Tripping the wheels of flow…

This past November 6th, marked a turning point. One poor decision made in seconds would change life in an instant…

The following footage was captured on my iON video camera. What unfolds in the next minuet looks innocuous, but would turn out to be the most painful crash/injury I have ever experienced in my 51 years of life…and that includes 40 years of sports, life, work/industrial and high-speed moto racing accidents.

Imagine being pile driven into the ground, head first! Nothing real exciting looking though, in fact a bit boring from a crashing standpoint… but the results were anything but. It’s 1:30 of me basically writhing in pain on the trail! This crash was the result of my lack of skill to perform a ‘drop’ off off a 4′ wall. This was completely, 100% my fault. Without a doubt my dirt skills are nowhere nearly as good as my road skills… C’est La Vie I suppose!

This seemingly ho-hum crash had resulted in significant damage to my head, neck and upper body:

A concussion, bruised forehead and neck, bruised left-side ribs, bruised left lung, thoracic contusions, bruised scapula and a lot of soft tissue damage. The consequence of this crash (albeit at a slow speed) was the most intense pain I have ever experienced and I have had countless serious crashes and injuries over the last 40 years. (unfortunately, this was my 7th concussion) Admittedly, I am worried about the long-term effects and possible consequences, but there is nothing I can do at this point, except try not to incur another one!

Hospital trauma room and home on the couch the next day

And with those past injuries, I can tell you that my body is able take a fair amount of pain, but those first 3 days, the suffering was absolutely un-fucking believable, in fact the first week was just brutal. The second week was difficult, though with a bit less severity. Third week, I was beginning to improve to the point of being able to get some decent sleep and almost eating like I would usually do.

I spent the first 9 days sleeping in a semi-upright position on the couch, as I could not lay down (though I tried) -this was due to the severe rib and neck pain laying down would cause- not too mention the difficulty in breathing. Just trying to do everyday normal things was nearly impossible. Movement was extremely slow (I think this was a glimpse of what it may be like when I am very elderly) and careful as the pain radiated from my entire upper body. The first week it was mostly soup and soft foods, because swallowing was very arduous, due to the thoracic bruising.

I owe a huge amount of gratitude to my eldest, Samantha who tended to me during this very difficult time. Cooking, helping the old man up off the couch, looking up nutritional and PT type treatments and giving me positive reinforcement! Thank you Sam! I also have to thank my neighbors and friends, Jim and Angelo who drove me and picked me up from the hospital then regularly checked in on me. Thanks guys!

Thanks to all my friends, cycling friends and buddies who were concerned and to those who offered their help as well (Mady).

Surprisingly  I did make some significant progress during the first month and I put it down to many aspects; The fact that I was in relatively decent physical form to begin with. Sleeping on and off throughout those first days as much as possible and a constant alternating of hot and cold compresses. From the end of the first week, I began eating a lot of raw greens, fruits and veggies, while taking in extra protein via whey supplements as well creatine. I upped my fat intake, (no trans fats though) added supplemental vitamin C and zinc plus extra amino acids. Light yoga and PT stretches also helped in getting back on track.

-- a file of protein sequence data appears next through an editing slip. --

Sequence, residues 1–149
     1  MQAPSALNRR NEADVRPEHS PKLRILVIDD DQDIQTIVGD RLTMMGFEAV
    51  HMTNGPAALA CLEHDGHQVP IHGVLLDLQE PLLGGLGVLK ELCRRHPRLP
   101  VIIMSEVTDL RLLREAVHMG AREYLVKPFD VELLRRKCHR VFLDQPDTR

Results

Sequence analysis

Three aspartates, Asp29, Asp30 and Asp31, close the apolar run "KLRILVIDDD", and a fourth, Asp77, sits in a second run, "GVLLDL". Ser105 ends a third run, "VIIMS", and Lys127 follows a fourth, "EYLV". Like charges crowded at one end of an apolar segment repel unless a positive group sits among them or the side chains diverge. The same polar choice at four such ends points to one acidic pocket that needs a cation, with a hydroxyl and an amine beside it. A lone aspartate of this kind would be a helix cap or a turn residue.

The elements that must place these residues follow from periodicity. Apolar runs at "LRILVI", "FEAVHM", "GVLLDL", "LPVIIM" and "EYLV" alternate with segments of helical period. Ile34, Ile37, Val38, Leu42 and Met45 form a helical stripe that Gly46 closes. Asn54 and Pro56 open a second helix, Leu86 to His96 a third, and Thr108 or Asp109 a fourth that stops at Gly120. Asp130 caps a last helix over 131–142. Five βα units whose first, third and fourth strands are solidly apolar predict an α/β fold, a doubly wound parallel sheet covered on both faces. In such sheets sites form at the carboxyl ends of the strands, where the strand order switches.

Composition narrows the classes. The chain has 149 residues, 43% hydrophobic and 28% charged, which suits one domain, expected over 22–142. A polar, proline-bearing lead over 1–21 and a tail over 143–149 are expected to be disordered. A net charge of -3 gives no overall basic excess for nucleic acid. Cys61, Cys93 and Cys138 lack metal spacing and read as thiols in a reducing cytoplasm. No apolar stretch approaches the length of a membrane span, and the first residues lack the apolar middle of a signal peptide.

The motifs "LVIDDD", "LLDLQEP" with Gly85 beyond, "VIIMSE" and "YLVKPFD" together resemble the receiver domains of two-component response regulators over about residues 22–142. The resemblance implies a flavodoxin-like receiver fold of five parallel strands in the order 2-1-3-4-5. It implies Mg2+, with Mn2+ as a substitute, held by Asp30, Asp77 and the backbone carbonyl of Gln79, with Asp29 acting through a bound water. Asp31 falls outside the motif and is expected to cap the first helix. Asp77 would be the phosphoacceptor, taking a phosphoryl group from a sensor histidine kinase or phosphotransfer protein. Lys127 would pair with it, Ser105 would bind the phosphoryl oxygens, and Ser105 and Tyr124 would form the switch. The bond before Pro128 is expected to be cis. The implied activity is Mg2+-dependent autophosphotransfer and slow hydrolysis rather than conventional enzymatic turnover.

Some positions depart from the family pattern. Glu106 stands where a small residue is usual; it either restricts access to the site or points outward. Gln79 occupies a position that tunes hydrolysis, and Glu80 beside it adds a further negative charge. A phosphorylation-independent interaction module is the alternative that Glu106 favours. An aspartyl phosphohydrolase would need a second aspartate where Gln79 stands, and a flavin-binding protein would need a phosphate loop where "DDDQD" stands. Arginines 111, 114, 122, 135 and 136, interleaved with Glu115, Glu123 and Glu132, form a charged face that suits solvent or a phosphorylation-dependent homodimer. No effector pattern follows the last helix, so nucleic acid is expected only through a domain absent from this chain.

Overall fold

Though I cannot put my initial recovery down to any one thing, I would like to think that all of these treatments I implemented (and still do) contributed in a small way. I haven’t had a chance to get back on mtb ‘horse’ yet (ironically, my mtb is an Iron Horse!) though I have managed to get one road ride in, that was a big mistake…it was too soon. Which set me back a bit in late November. It’s been 50 days since the crash and while my initial recovery was most remarkable, I am still in some fair amount of pain, though not nearly as intense.

I have about 90% range of motion in my neck, it is stiff, sore and I’m still experiencing pain taking deep breaths. These cold, damp days are not helping either. I’m continuing to do the prescribed PT exercises and of course some easy stretching, but the damaged tissue, tendons and ligaments will definitely take time to heal and at 51, the body just doesn’t repair itself like it did when I was in my 20’s or 30s!

While progressing in healing up, it seems this last 10% or so may take another month or two perhaps. At first I felt like it would be about a month in getting back to a somewhat ‘normal’ state, but recently I realized that head and neck injuries are a serious matter and it may be a full 3 months or more before I am back to where I was prior. Now that I am ready to ride again, the weather here has not be cooperating. Oh well, soon enough I hope.

6 thoughts on “Tripping the wheels of flow…

  1. @bgddyjim @fossilcyclist Thanks gents. No doubt, sooner or later…it seems inevitable. Yeah, slow going this last bit of healing up, but we’ll get there!


    • Oh yeah mate, had the helmet on! impact was so hard, it transferred the energy right to my skull and forehead. Came off too after the initial impact. No doubt…too old anymore! No more jumps or drops for this dumbass! lol.

      Liked by 1 person

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